1: “Either something that seems important will be outweighed by an unbounded number of initially unimportant-seeming matters, something that initially seems unimportant will unduly shape the outcome, or both.” (pp. 30–31)
This statement does not seem to hold for lexical views. After all, lexical views would not allow “something that seems important” to be outweighed by unimportant-seeming matters, nor would they allow something that initially seems unimportant to unduly shape the outcome. Specifically, extreme suffering does not seem unimportant, even if it only lasts for a short duration (Vinding, 2020c, sec. 8.12).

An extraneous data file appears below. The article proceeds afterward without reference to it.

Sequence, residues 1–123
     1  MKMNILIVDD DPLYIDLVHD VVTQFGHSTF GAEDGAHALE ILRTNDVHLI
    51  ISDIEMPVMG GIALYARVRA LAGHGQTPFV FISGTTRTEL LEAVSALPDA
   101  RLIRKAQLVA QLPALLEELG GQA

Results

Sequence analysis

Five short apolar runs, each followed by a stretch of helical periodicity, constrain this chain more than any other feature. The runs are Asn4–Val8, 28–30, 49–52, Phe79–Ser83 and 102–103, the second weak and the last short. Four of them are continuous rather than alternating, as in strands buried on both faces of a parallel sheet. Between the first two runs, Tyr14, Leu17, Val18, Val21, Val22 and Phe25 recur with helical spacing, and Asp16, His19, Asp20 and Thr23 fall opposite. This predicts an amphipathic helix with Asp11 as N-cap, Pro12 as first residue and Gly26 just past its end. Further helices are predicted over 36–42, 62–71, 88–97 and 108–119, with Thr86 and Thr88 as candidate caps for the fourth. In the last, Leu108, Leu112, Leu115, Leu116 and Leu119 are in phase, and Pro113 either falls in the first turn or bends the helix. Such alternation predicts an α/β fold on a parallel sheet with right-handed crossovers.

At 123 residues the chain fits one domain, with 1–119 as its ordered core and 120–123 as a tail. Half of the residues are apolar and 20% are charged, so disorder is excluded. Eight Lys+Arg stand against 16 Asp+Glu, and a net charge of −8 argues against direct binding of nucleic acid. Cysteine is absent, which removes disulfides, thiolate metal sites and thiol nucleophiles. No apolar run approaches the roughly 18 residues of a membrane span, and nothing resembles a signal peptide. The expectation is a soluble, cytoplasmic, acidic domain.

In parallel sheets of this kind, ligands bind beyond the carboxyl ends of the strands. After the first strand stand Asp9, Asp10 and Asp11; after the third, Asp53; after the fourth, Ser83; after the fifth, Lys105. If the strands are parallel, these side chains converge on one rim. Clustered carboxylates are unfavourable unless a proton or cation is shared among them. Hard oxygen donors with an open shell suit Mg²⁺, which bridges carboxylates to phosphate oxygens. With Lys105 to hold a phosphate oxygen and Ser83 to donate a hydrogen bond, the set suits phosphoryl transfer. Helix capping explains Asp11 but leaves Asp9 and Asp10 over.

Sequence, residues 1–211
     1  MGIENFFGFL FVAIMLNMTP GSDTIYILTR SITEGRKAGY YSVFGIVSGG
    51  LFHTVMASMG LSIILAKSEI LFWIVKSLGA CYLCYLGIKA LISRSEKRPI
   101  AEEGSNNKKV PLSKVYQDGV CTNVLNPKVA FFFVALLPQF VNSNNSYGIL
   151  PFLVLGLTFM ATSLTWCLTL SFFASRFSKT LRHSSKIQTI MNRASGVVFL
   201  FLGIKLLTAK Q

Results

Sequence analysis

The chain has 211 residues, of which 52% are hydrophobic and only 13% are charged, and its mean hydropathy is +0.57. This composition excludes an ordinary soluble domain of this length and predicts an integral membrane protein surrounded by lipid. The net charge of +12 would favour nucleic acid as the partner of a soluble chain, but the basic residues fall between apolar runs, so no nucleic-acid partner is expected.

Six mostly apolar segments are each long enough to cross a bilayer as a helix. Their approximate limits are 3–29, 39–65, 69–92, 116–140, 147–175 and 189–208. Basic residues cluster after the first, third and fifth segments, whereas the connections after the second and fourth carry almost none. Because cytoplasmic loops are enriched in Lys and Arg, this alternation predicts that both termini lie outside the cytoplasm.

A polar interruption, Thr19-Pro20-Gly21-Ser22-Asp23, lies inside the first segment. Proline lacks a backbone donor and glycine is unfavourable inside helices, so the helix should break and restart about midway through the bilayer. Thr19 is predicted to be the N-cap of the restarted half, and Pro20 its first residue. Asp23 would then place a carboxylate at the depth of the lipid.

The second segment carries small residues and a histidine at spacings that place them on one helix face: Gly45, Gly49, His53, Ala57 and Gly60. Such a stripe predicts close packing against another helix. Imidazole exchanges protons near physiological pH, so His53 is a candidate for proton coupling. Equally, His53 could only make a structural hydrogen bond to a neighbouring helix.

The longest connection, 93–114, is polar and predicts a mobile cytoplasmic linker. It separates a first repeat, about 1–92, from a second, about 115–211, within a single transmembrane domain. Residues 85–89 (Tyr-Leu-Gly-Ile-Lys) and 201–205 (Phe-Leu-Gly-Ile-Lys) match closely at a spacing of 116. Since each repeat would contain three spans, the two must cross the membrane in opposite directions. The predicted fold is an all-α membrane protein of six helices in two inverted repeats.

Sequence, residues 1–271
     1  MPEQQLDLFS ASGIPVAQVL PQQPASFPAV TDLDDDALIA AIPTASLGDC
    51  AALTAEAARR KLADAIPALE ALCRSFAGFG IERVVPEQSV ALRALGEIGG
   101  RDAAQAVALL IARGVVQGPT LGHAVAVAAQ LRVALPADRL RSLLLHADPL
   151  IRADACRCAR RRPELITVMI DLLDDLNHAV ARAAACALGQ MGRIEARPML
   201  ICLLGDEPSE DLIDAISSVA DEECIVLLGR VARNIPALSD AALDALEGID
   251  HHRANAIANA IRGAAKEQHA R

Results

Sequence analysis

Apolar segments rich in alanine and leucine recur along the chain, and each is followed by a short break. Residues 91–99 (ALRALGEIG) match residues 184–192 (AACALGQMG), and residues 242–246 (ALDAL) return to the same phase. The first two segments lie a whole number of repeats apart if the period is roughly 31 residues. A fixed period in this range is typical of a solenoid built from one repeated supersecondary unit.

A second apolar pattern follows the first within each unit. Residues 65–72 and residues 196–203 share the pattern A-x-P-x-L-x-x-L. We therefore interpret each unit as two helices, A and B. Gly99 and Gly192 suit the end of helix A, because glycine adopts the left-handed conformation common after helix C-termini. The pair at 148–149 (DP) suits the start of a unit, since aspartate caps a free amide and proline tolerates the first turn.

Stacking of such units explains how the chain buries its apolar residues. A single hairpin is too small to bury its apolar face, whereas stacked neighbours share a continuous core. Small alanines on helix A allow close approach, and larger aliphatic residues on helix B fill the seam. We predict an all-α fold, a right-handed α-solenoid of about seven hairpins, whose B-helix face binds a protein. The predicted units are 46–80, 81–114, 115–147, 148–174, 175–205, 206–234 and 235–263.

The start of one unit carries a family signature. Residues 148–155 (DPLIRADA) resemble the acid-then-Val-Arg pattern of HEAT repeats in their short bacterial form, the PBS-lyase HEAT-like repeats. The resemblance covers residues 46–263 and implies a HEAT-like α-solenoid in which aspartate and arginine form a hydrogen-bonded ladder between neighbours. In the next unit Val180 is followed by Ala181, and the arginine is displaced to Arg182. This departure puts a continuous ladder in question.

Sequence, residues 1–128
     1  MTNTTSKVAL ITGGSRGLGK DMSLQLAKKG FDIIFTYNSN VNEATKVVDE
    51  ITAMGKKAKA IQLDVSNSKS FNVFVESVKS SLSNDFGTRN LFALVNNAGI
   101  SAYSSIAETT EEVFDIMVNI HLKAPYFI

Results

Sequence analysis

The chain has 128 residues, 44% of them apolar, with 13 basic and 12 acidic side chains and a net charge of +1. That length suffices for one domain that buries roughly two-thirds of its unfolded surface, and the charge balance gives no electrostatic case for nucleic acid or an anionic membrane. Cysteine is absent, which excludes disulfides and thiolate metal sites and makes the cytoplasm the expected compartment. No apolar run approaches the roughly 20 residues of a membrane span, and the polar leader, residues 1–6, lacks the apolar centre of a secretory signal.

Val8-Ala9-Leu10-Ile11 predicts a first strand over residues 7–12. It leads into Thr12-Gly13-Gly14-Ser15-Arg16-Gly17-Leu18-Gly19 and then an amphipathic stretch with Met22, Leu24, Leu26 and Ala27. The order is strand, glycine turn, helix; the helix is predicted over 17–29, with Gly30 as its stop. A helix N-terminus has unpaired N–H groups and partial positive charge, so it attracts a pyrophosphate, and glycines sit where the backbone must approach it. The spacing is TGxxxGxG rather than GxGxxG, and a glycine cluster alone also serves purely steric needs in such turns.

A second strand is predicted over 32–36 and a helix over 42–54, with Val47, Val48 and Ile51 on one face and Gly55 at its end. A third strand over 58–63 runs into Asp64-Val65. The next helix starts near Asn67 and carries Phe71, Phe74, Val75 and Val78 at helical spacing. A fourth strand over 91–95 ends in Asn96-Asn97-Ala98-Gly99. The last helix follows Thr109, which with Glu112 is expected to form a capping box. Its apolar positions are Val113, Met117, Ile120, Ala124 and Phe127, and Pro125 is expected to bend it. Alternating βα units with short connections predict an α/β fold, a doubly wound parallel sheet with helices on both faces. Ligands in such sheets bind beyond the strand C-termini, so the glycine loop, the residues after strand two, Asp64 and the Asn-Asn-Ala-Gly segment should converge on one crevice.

2: “Such seemingly-disparate axiologies as maximin and classical total utilitarianism have in common that they are both prepared to accept the cost of many arbitrarily negative lives and forgo the benefits of many arbitrarily positive lives, for the right arrangement of infinitesimal tweaks.” (p. 31)
Lexical minimalist views (uniquely) do not permit the addition of arbitrarily negative lives (nor rollercoaster lives that contain arbitrarily bad suffering), because they require that we overall reduce lexically bad states. Additionally, to “forgo the benefits of many arbitrarily positive lives” need not be a source of repugnance (a point I unpack in the next subsection).
3: “[Our argument] considers the possibility that better-off people are qualitatively different [and] considers the possibility that higher pleasures are qualitatively different. In general, because lexical views still must aggregate across people, they remain subject to repugnance.” (p. 34)